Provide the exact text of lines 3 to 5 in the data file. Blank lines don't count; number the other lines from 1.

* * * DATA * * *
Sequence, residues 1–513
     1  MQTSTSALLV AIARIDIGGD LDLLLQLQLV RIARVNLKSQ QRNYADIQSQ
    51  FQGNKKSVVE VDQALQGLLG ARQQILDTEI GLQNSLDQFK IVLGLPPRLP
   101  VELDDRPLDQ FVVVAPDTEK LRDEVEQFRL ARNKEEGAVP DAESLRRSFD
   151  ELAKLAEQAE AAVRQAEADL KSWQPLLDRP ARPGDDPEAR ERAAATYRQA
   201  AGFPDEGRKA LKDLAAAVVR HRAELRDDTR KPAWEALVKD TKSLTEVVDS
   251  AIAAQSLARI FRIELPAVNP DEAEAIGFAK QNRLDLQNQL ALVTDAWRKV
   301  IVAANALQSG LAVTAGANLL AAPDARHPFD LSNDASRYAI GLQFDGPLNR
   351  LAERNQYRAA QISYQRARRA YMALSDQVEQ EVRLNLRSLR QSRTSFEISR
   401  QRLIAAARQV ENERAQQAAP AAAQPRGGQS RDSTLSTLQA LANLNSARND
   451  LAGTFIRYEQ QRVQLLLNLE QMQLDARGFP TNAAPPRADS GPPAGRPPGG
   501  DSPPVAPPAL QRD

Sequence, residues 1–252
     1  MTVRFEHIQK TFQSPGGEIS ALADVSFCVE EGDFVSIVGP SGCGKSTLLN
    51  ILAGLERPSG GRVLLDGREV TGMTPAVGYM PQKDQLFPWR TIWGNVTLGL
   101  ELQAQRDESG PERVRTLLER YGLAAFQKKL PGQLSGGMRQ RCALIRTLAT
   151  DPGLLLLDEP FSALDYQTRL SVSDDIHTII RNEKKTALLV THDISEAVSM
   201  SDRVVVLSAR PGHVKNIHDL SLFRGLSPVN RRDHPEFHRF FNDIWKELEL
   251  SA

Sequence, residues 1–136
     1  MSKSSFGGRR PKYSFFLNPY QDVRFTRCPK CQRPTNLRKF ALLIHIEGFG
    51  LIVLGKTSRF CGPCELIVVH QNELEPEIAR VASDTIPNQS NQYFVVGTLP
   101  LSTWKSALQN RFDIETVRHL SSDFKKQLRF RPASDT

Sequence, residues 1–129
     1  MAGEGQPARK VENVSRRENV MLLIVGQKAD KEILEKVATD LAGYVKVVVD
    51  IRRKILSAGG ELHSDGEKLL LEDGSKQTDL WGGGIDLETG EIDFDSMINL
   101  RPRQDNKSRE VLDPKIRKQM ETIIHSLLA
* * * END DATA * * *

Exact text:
    51  FQGNKKSVVE VDQALQGLLG ARQQILDTEI GLQNSLDQFK IVLGLPPRLP
   101  VELDDRPLDQ FVVVAPDTEK LRDEVEQFRL ARNKEEGAVP DAESLRRSFD
   151  ELAKLAEQAE AAVRQAEADL KSWQPLLDRP ARPGDDPEAR ERAAATYRQA